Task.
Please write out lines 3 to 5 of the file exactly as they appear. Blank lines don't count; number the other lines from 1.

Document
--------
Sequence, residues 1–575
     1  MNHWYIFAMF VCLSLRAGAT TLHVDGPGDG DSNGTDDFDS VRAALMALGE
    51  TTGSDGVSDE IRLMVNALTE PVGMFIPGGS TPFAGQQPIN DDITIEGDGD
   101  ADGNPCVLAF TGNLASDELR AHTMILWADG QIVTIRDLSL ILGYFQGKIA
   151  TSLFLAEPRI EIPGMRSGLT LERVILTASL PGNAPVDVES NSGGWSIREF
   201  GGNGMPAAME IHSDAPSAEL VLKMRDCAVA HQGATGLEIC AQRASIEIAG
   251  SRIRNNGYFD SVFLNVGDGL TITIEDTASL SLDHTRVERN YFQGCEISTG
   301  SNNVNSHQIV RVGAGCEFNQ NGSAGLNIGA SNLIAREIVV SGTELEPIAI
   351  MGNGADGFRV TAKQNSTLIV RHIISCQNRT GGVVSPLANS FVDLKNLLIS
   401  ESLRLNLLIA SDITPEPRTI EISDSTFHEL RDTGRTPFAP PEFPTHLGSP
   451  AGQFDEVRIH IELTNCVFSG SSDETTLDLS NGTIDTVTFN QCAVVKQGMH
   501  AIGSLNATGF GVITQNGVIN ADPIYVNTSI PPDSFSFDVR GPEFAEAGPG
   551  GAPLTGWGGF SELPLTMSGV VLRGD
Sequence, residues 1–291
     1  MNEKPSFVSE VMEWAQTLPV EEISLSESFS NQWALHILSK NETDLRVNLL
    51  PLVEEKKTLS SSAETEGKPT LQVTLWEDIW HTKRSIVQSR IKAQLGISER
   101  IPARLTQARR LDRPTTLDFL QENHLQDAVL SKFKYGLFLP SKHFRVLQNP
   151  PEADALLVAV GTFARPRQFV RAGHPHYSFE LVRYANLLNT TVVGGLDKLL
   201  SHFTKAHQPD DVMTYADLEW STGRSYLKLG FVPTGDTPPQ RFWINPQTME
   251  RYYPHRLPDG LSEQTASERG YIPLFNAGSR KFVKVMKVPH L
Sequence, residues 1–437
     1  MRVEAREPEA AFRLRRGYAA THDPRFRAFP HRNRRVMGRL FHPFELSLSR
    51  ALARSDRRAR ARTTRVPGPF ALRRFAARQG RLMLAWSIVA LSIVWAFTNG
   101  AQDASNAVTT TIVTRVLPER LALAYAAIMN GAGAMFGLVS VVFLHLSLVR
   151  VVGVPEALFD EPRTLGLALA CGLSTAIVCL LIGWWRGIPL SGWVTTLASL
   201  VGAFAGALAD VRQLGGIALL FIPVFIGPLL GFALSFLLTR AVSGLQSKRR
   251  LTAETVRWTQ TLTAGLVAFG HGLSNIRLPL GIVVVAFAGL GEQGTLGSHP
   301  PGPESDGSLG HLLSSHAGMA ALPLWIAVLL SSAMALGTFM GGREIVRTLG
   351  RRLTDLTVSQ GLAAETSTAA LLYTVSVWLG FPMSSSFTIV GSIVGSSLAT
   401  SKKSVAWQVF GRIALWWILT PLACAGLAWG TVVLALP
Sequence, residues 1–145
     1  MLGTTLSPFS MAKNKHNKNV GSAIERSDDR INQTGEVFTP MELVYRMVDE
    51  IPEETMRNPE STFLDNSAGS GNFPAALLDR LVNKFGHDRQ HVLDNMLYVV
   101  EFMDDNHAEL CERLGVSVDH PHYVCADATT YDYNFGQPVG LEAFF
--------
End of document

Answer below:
    51  TTGSDGVSDE IRLMVNALTE PVGMFIPGGS TPFAGQQPIN DDITIEGDGD
   101  ADGNPCVLAF TGNLASDELR AHTMILWADG QIVTIRDLSL ILGYFQGKIA
   151  TSLFLAEPRI EIPGMRSGLT LERVILTASL PGNAPVDVES NSGGWSIREF